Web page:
In this video, I discuss the problems of defining security, and the way that different organisations and interest groups try to define it in ways that suit their objectives. I go on to propose a straightforward and relatively limited definition of security, and then to look at the three levels at which it is provided, from security in against harm or loss in everyday life, through the control of territory, up to protection of national borders and interests.
In this video, I look at what happens when security is absent, distinguishing between security as a condition, and security as a set of organizations. I note that for almost all of human history, there were no security structures as they exist today, but that security, nonetheless, was still provided, as it is today in places where the state is absent or ineffective. I go on to talk about the destructive effects of liberalism on traditional security provision, and the consequences of the failure of replacement structures imported from the West.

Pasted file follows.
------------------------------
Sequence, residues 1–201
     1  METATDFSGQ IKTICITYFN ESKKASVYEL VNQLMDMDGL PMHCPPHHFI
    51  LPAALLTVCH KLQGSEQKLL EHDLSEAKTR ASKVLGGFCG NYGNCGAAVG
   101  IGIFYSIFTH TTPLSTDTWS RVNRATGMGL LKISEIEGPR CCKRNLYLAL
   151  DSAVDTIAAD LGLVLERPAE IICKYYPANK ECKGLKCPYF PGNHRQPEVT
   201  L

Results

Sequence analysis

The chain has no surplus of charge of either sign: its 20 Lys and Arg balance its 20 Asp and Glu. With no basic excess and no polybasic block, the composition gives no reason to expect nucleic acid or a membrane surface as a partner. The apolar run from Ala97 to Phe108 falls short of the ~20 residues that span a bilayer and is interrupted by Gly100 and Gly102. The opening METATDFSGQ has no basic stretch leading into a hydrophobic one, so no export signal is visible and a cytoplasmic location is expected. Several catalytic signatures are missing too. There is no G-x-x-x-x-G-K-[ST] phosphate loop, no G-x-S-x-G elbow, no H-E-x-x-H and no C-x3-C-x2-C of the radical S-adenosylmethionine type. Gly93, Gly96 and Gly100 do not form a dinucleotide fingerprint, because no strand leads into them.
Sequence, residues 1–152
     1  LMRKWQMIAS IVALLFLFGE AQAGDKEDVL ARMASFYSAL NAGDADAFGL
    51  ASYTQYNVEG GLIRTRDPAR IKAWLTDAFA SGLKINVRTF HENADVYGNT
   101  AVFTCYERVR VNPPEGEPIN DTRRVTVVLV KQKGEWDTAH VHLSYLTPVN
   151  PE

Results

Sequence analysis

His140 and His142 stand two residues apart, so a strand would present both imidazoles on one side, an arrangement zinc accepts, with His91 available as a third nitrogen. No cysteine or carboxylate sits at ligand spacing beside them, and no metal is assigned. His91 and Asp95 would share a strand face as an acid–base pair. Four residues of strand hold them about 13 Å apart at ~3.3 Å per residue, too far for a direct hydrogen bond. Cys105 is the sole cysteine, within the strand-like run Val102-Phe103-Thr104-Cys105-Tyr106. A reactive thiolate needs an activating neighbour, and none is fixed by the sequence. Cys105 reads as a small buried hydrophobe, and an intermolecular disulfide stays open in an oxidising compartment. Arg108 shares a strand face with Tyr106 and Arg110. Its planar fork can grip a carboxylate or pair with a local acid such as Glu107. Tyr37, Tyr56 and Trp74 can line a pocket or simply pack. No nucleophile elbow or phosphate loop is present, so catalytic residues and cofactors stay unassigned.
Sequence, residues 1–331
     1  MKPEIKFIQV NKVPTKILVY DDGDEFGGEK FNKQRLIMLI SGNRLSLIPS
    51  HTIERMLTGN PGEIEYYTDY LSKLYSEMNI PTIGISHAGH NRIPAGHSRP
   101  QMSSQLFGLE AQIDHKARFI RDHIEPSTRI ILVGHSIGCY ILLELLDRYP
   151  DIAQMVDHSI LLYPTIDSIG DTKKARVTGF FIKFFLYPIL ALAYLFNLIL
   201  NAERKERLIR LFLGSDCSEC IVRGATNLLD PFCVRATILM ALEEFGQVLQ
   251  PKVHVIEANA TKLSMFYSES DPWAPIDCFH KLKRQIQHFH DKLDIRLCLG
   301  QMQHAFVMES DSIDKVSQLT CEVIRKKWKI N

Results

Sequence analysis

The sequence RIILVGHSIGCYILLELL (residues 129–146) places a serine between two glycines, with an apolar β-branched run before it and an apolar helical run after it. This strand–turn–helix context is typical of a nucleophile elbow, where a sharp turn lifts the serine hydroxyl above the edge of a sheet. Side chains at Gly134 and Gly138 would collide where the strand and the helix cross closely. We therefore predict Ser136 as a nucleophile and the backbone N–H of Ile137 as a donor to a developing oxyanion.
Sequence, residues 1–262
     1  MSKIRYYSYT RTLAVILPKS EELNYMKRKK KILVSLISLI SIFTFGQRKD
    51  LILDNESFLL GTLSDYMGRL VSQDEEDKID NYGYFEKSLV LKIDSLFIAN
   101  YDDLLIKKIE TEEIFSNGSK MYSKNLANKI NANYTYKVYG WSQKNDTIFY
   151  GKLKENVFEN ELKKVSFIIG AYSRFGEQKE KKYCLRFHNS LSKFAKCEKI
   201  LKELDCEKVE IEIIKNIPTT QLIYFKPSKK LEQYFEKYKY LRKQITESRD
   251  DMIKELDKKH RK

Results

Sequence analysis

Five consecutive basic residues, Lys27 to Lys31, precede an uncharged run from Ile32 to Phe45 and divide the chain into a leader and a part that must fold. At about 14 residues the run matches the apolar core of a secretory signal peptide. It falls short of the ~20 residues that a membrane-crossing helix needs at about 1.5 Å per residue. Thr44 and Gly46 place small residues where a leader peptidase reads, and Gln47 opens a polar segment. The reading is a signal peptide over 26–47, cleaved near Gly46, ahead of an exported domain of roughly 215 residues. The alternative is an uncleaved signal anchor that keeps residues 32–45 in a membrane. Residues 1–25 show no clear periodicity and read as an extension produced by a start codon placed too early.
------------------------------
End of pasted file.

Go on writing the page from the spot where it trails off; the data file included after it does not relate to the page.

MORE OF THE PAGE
In this video, I look at the problems of defining conflict, and then trying to explain why it happens. I look at a range of explanations, none of which is really satisfactory, and conclude that there is no conflict, but only conflicts. I look at the difference between conflicts that may have a solution, and zero-sum conflicts that do not, and why the difference is important. I suggest that, in practice, some conflicts may be unavoidable, and that ultimately we should try to learn, not from the causes of conflict but the causes of peace.

Individual Sections:

Governance and Reform of the Security Sector France and French Security Policy
The Rule of Law Security and Development
War Crimes and International Justice Other issues, including Africa and the Middle East